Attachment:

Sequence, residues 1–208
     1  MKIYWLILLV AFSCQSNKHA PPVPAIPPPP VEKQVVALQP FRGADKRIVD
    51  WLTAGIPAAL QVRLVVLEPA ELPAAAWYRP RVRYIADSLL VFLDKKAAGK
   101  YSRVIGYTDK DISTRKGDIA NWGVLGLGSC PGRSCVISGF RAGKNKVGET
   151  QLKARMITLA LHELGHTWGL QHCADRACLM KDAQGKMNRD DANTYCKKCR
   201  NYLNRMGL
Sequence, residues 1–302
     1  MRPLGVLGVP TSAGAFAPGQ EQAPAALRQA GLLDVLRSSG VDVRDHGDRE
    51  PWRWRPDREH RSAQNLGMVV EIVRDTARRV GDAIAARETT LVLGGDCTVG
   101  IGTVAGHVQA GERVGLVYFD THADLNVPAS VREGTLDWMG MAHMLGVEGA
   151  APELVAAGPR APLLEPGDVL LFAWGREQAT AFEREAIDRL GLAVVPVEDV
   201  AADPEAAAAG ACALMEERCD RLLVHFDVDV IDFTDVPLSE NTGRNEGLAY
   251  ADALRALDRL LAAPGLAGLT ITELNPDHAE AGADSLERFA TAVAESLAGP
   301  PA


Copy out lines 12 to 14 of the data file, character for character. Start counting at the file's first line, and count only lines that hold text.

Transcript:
   201  AADPEAAAAG ACALMEERCD RLLVHFDVDV IDFTDVPLSE NTGRNEGLAY
   251  ADALRALDRL LAAPGLAGLT ITELNPDHAE AGADSLERFA TAVAESLAGP
   301  PA